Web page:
This study examines the clinical and molecular effects of heritable disorders of connective tissue including Marfan syndrome, Ehlers-Danlos syndrome (EDS) and Stickler syndrome, as well as related disorders such as familial aneurysm syndromes and fibromuscular dysplasia. To date, approximately 350 subjects have been enrolled in the study. The longitudinal arm of the study enrolls subjects 12 years and above, and detailed cardiovascular information including echocardiograms, ECG, a 24 hour Holter study, and pulse wave velocity data is collected on each participant. Echocardiography analysis of patients with Ehlers-Danlos syndrome demonstrated a 30% incidence of aortic root dilation in this group of patients and a manuscript has been published describing previously unrecognized findings in this group of patients including impaired left ventricular relaxation, elongated cardiac silhouette, prominence of the right coronary artery, and increased incidence of elevated pulmonary pressures. Autonomic dysfunction with increased sympathetic tone and Postural Orthostatic Tachycardia (POTS) has been documented in 30% of the subjects with EDS, based on frequency domain analysis of the Holter data as well as orthostatic blood pressure measurements. This data is currently being analyzed. Bone densitometry studies have shown osteoporosis and osteopenia are very common in the EDS and Marfan populations, and may be correlated with specific mutations. MRI studies of the cervical and lumbar spine are also collected on subjects. We have recently identified that approximately one third of patients have Chiari I malformations and more than 85% of the subjects have significant abnormalities pertaining to the spine including hernitated discs, spondylolisthesis, dural ectasia. A manuscript describing the association of Chiari I malformation with hereditary disorders of connective tissue has been accepted. Eleven abstracts summarizing findings from the study will be presented at the upcoming American Society of Human Genetics (ASHG) annual meeting as a platform presentation. We have noted previously unrecognized complications of EDS, including the development of rheumatoid arthritis in older persons with EDS (in 15% of our cohort), increased incidence of clinically significant sleep disorders, and a high prevalence of unfavorable lipid profiles as compared to NHANES averages in all age groups including the teenage EDS cohort. We are also analyszing data on gastrointestinal and endocrine abnormalities in the cohort. We have identified a familial aneurysm syndrome with features resembling Marfan syndrome, Stickler syndrome and the Ehlers-Danlos syndrome. Affected persons have joint hypermobility, retinal detachments or vitreous degeneration in the eye, and mild craniofacial and skeletal features in addition to aortic aneurysm. Twenty one affected persons from two families have been identified and a 6000-SNP linkage analysis has been completed on the Illumina platform. The results indicate four regions with high LOD scores. Sequence analysis of these regions is ongoing in order to identify the causative mutation. Previous linkage analysis were negative for linkage to known regions that cause familial aneurysm syndromes or connective tissue disorder, so it is highly likely that a novel gene will be identified in these two families. A previously unrecognized hereditary disorder of connective tissue, fibromuscular dysplasia (FMD) with connective tissue features has been identified within subjects enrolled in the study. This group of patients have FMD of carotids, renal arteries, brain or coronary vessels, in addition to hypermobile joints, high myopia, abnormal scarring, and hyperextensible skin. Approximately fifty patients have been identified, and findings were presented at the 2006 ASHG as a platform presentation. A whole genome scan study is ongoing to identify associated genes in collaboration with Andy Singleton. We are also in the process of screening DNA samples from patients Congenital Adrenal Hyperplasia for deletions of the Tenascin X (TNX) gene. This gene lies in the hypermutable RCCX module near the CYP21 gene encoding 21-hydroxylase, and has been implicated as a causative gene in patients with the hypermobile form of EDS. Approximately 30% of patients with CAH have large CYP21 deletions and it is suspected that many of them have deletions extending into TNX. Joint hypermobility and abnormal scarring has been observed in some of the patients, and we are investigating the clinical correlation of TNX deletions with these findings. Novel mutations and deletions have been identified in the CAH cohort in the last year, in addition to the common deletion. ? ? The ultimate goal of the study is to develop strategies for the treatment of complications and morbidities of hereditary disorders of connective tissue, most significant of which are ruptured aneurysms and dissections. Efforts are underway utilizing fibroblast cultures obtained from affected patients to study and alter the pathways involved in these complications, such as the TGFB pathway. Fibroblasts are suitable for this approach since the genes involved have high levels of expression as evidenced by frequent skin abnormalities in the disorders involved, and a skin biopsy can be readily obtained in a minimally invasive fashion from affected subjects. In addition, collaborative work with Dr. Talan from Laboratory of Cardiovascular Science and Dr. Dietz at Johns Hopkins Medical Institutions is focused on utilizing a mouse model of vascular EDS in developing treatment strategies.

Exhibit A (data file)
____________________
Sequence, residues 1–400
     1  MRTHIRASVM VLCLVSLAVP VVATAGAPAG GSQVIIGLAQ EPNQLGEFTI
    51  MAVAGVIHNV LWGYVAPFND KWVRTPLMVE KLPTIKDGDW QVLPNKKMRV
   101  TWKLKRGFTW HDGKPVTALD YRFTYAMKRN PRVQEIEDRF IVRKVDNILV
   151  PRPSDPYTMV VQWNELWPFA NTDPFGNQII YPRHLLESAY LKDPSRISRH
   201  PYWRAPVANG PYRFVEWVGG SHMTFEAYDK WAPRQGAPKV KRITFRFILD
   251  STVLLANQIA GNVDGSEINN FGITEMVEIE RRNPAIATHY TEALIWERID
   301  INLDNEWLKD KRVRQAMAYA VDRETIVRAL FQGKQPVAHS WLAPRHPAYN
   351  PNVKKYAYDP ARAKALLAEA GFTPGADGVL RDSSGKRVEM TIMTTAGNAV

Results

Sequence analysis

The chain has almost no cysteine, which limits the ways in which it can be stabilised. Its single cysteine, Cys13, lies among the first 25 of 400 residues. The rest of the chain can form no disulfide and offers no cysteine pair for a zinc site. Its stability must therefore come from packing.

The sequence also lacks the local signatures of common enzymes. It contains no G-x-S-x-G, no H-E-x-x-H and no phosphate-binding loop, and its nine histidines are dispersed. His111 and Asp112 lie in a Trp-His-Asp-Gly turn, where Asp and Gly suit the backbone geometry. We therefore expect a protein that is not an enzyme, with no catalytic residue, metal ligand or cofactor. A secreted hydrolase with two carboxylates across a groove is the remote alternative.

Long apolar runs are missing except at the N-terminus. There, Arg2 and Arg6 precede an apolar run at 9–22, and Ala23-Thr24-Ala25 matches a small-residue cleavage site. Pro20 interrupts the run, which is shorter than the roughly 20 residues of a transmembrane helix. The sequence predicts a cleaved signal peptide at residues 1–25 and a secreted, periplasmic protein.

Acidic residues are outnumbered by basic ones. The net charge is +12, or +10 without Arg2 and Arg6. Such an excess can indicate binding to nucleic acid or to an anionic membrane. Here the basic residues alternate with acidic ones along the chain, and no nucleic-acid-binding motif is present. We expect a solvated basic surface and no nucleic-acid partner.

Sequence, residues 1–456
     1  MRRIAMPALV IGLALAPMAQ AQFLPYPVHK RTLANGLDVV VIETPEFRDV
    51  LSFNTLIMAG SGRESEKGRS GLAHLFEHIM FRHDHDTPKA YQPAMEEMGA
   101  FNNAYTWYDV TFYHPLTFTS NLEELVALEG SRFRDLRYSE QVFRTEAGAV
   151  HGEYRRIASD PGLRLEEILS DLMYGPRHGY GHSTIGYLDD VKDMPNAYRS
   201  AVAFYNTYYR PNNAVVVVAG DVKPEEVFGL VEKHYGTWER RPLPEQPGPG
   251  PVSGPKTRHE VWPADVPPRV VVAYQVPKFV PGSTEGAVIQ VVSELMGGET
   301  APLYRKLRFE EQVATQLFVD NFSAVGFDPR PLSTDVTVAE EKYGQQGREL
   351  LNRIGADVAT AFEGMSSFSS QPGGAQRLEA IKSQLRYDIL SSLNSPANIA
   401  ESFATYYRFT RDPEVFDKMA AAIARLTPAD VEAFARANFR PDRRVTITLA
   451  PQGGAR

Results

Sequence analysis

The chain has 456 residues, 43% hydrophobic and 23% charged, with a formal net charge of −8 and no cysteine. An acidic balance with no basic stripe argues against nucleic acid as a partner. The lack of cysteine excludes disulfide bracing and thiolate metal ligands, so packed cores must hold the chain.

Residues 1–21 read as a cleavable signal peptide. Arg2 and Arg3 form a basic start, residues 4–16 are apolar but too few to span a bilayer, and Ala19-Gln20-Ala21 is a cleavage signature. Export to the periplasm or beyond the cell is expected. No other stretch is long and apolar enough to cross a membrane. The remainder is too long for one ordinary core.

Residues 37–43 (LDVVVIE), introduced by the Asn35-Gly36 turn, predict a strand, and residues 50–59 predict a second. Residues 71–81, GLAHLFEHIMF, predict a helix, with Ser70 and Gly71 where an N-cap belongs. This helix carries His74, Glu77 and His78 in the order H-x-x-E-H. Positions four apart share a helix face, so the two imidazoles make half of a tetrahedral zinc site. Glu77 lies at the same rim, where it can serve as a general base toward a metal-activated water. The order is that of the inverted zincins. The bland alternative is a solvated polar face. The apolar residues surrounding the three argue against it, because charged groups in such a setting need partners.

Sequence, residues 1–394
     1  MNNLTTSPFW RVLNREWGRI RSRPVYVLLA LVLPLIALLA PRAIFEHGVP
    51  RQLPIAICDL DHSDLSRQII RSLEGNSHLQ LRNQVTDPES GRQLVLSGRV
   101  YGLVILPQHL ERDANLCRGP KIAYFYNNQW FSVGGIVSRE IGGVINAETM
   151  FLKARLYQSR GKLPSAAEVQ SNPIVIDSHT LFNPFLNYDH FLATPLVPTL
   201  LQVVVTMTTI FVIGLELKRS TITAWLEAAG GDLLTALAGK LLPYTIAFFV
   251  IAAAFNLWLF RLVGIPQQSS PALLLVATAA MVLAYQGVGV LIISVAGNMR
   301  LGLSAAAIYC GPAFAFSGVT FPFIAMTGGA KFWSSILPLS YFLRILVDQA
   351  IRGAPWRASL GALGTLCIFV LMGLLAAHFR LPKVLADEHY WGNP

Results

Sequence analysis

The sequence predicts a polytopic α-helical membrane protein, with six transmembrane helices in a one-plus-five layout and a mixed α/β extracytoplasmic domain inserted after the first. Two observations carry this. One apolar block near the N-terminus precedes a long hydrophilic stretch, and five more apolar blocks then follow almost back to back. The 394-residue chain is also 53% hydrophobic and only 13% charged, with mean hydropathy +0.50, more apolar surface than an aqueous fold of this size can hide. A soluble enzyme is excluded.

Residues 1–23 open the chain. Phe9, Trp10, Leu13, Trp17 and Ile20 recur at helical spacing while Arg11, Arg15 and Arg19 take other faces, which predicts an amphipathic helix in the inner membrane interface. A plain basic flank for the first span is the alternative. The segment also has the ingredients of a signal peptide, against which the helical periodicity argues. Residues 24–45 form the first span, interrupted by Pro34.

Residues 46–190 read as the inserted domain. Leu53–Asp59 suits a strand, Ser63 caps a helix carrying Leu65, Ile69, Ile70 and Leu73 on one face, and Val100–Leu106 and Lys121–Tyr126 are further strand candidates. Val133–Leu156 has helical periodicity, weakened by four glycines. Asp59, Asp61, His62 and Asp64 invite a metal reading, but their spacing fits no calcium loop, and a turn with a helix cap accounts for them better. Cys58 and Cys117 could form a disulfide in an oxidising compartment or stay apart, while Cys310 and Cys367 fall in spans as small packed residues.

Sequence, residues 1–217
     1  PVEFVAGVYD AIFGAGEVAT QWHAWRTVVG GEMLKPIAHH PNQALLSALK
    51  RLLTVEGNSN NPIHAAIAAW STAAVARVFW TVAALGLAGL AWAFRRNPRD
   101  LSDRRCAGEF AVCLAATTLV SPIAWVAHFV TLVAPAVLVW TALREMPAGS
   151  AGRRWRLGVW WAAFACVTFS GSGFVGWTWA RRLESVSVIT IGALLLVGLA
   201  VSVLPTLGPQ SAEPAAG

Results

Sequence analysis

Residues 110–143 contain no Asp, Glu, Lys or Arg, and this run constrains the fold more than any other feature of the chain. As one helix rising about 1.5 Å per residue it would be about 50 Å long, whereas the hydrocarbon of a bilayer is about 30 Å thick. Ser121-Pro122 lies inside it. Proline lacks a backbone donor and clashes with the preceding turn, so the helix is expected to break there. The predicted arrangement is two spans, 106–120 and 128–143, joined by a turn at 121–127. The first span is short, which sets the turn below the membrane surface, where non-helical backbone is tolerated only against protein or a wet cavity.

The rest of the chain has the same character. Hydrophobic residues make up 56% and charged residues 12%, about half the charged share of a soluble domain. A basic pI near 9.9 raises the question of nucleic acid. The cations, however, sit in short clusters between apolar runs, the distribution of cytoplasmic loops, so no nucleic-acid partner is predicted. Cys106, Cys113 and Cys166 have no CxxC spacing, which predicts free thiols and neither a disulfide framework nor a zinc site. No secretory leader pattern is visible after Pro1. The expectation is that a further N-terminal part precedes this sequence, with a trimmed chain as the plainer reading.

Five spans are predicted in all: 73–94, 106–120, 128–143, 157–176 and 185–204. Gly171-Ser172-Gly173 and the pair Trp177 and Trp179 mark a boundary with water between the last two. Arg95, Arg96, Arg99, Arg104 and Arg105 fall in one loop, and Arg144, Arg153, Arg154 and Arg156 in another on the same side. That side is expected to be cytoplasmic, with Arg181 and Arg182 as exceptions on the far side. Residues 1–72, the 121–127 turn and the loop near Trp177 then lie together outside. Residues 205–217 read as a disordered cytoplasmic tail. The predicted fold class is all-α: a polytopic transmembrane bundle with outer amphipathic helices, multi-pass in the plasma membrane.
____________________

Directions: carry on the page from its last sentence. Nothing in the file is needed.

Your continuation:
National Institute of Health (NIH)
National Institute on Aging (NIA)
Intramural Research (Z01)
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National Institute on Aging
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Milhorat, Thomas H; Bolognese, Paolo A; Nishikawa, Misao et al. (2007) Syndrome of occipitoatlantoaxial hypermobility, cranial settling, and chiari malformation type I in patients with hereditary disorders of connective tissue. J Neurosurg Spine 7:601-9
Liberfarb, Ruth M; Levy, Howard P; Rose, Peter S et al. (2003) The Stickler syndrome: genotype/phenotype correlation in 10 families with Stickler syndrome resulting from seven mutations in the type II collagen gene locus COL2A1. Genet Med 5:21-7
Wenstrup, Richard J; Meyer, Richard A; Lyle, Jennifer S et al. (2002) Prevalence of aortic root dilation in the Ehlers-Danlos syndrome. Genet Med 4:112-7
Ho, Nicola C; Hadley, Donald W; Jain, Pawan K et al. (2002) Case 47: dural ectasia associated with Marfan syndrome. Radiology 223:767-71
Rose, P S; Ahn, N U; Levy, H P et al. (2001) Thoracolumbar spinal abnormalities in Stickler syndrome. Spine (Phila Pa 1976) 26:403-9
Szymko-Bennett, Y M; Mastroianni, M A; Shotland, L I et al. (2001) Auditory dysfunction in Stickler syndrome. Arch Otolaryngol Head Neck Surg 127:1061-8
Peters, K F; Kong, F; Horne, R et al. (2001) Living with Marfan syndrome I. Perceptions of the condition. Clin Genet 60:273-82
Peters, K F; Horne, R; Kong, F et al. (2001) Living with Marfan syndrome II. Medication adherence and physical activity modification. Clin Genet 60:283-92
Rose, P S; Ahn, N U; Levy, H P et al. (2001) The hip in Stickler syndrome. J Pediatr Orthop 21:657-63